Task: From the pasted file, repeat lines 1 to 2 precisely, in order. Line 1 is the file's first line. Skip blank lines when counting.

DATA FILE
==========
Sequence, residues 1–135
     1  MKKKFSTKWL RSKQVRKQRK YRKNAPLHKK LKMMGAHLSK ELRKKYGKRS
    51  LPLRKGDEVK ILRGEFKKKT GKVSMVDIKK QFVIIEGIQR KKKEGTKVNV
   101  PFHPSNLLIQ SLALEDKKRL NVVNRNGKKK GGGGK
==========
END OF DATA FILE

Sequence, residues 1–135
     1  MKKKFSTKWL RSKQVRKQRK YRKNAPLHKK LKMMGAHLSK ELRKKYGKRS